About O Bee Credit Union
O Bee Credit Union (The Olympia Brewing Co. Employees and Families Credit Union) was started February 16, 1955, by Ted McGill, who worked in the bottle house of the brewery. This full service non-profit credit union, owned by its members, has five branches located in Lacey, Tumwater, Tenino, West Olympia and Yelm. Membership is open to all Washington residents. Visit www.obee.com for more information about O Bee Credit Union.
By Laurie O’Brien
It’s not every day that the “Today Show” calls asking if you’re interested in appearing on a live broadcast, but that’s exactly what happened to the women of the Jet Cities Chorus this past Monday. Now the 50 member a cappella group, who hail from Thurston, Pierce, King, and Kitsap counties, is scheduled to appear on the daily NBC show this Friday morning.
The invitation came a mere two weeks after chorus member Melissa Martin put pen to paper and wrote a short little song in support of her favorite team, the Seattle Seahawks. It wasn’t anything profound, she laughs, “I actually came up with the idea when I was in the shower!” Thinking about how integral fans are to the Seahawks success, the Tacoma resident decided it was time for the “12th Man” to get some recognition. With that in mind, she sat down and jotted down some lyrics and came up with a tune. She debuted it for her family during half time of the Seahawks-Saints play-off game on January 11.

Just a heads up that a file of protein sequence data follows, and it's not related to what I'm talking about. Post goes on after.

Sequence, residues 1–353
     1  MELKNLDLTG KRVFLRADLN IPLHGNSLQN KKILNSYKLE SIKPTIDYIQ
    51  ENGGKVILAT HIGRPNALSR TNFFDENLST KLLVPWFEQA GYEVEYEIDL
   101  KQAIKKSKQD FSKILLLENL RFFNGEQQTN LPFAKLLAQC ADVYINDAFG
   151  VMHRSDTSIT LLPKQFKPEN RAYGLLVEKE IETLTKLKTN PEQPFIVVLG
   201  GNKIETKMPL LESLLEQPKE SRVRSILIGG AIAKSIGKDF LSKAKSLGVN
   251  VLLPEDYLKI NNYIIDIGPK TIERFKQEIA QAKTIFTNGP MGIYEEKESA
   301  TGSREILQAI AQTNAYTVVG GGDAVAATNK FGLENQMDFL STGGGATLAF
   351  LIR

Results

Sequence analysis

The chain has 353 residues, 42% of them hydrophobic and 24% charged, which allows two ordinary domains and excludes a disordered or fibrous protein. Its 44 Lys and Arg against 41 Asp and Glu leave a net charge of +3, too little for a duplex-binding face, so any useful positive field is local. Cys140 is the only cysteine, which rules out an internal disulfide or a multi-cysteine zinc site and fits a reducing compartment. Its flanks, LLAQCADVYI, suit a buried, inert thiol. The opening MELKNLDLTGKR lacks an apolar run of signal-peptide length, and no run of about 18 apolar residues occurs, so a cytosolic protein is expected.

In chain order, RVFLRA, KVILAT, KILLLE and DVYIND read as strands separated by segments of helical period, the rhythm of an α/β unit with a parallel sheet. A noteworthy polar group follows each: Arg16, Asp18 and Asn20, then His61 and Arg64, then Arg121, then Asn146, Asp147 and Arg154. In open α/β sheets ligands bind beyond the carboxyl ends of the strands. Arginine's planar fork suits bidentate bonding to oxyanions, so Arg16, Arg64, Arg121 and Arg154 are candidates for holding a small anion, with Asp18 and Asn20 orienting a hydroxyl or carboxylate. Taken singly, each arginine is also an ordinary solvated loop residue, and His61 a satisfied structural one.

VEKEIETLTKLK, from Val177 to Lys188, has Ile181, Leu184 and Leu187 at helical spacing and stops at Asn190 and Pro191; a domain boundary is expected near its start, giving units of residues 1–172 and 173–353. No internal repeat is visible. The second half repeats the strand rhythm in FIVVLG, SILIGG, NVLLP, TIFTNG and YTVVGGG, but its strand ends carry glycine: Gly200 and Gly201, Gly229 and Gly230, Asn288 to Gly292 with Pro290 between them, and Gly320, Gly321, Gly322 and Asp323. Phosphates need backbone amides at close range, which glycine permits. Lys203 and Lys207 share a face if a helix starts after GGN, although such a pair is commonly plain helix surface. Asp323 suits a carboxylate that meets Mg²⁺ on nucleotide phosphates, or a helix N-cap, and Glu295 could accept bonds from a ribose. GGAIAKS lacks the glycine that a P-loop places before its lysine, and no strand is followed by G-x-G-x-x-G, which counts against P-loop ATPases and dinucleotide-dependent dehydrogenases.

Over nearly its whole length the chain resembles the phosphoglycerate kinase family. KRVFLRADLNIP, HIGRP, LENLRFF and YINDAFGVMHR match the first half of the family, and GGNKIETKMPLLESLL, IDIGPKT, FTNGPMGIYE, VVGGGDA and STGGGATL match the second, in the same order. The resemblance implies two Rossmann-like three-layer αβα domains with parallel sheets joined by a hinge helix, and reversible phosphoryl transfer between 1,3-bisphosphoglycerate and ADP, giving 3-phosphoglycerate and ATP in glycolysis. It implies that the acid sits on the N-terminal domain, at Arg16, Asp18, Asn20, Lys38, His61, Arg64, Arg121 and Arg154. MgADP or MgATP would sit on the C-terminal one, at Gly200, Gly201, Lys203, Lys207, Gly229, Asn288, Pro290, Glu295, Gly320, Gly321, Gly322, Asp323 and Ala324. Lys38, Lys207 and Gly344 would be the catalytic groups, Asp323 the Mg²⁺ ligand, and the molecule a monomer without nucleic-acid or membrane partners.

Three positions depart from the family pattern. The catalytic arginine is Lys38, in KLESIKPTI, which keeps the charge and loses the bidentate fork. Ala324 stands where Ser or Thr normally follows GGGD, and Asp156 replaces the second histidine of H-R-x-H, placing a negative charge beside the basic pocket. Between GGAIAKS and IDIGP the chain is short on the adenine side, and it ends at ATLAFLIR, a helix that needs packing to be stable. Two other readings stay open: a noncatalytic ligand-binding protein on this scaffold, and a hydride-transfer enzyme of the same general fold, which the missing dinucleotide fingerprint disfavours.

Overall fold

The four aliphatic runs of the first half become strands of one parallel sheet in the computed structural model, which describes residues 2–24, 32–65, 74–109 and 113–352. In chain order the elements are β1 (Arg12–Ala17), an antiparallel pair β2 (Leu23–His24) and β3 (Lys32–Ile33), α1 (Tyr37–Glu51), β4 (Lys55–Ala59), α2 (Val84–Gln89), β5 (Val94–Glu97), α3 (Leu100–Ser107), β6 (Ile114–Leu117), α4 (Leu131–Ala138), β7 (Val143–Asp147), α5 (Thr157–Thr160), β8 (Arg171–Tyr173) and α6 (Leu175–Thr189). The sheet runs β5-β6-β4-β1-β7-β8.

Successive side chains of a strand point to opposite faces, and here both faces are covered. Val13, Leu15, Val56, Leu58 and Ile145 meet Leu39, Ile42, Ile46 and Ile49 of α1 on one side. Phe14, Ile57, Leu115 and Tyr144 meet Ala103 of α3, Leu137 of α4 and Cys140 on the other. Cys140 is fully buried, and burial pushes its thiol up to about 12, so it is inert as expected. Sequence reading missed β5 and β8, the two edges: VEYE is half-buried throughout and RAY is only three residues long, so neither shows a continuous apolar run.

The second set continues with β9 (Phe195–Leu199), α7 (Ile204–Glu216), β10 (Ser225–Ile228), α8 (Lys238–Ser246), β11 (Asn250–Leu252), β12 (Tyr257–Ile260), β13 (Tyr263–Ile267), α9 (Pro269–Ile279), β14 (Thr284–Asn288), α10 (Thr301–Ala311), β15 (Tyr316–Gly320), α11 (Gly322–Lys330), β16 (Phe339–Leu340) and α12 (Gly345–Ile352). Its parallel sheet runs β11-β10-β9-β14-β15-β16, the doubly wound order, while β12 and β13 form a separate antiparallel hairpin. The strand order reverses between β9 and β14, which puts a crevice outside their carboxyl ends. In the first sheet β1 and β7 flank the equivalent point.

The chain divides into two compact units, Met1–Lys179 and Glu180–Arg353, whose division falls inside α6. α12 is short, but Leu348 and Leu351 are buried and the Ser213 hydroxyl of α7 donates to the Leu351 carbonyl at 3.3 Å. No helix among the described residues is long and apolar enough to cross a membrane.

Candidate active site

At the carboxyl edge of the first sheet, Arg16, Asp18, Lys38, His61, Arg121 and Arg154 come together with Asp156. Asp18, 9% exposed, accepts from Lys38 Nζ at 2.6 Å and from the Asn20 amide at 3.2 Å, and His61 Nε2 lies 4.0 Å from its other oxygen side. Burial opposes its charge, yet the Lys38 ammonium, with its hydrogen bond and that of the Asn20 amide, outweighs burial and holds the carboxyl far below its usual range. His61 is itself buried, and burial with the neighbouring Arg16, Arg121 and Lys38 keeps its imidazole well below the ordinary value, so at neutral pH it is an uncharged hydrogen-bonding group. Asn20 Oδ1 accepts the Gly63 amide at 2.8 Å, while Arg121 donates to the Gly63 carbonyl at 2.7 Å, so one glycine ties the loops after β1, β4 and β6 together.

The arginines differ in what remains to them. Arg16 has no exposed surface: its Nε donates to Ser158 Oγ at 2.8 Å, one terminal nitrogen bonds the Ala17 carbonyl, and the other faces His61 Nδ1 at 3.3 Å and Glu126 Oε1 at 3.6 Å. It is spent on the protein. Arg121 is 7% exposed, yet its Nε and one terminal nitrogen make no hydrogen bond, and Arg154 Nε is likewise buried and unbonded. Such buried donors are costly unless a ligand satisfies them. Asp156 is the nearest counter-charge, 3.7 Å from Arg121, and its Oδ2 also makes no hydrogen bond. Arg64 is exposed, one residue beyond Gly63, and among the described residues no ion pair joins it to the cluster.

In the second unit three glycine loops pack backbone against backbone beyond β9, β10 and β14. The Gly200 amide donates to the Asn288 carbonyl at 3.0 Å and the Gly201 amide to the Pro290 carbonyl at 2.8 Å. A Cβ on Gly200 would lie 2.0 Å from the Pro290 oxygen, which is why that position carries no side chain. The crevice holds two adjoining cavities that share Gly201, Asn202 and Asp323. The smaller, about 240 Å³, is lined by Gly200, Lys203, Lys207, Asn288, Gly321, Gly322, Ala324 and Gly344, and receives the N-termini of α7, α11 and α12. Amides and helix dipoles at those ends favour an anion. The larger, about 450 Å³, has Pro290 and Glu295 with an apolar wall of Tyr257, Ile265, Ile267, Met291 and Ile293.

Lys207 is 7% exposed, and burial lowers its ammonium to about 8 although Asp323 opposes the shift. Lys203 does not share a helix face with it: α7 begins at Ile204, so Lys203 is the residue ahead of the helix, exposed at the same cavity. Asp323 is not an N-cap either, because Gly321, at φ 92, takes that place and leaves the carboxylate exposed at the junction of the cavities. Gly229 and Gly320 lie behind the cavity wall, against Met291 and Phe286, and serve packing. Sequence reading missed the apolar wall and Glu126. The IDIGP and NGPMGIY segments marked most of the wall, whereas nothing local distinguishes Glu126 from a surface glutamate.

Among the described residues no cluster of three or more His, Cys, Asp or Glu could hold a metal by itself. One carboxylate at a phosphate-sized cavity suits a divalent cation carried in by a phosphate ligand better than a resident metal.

“Usually when I do stuff like this, my family just laughs and tells me to get out of the way of the TV, but this time they actually told me I was on to something,” says Martin. That’s when she called and asked if her chorus could take 10 minutes of rehearsal time the next Monday to learn the song, record it, and then, maybe, someone could post it somewhere.
Martin figured it was safe to suggest the idea to Jet Cities’ director, Teresa McCafferty, because she knew the Covington resident is about as rabid a Seahawks fan as they get. “She said yes without even hearing it!” Per the pair’s instructions, the entire group came to rehearsal on January 13 decked out in Seahawks fan gear. After singing through the song a mere two times, a guest held up McCafferty’s iPad and recorded the women singing the song with papers still in hand. “It was fun, and that would have been enough, but these things sometimes take on a life of their own,” says McCafferty. When she got home that night, she posted the blurry video on Facebook, thinking it was a fun diversion and hoping that her chorus members had a good time recording it.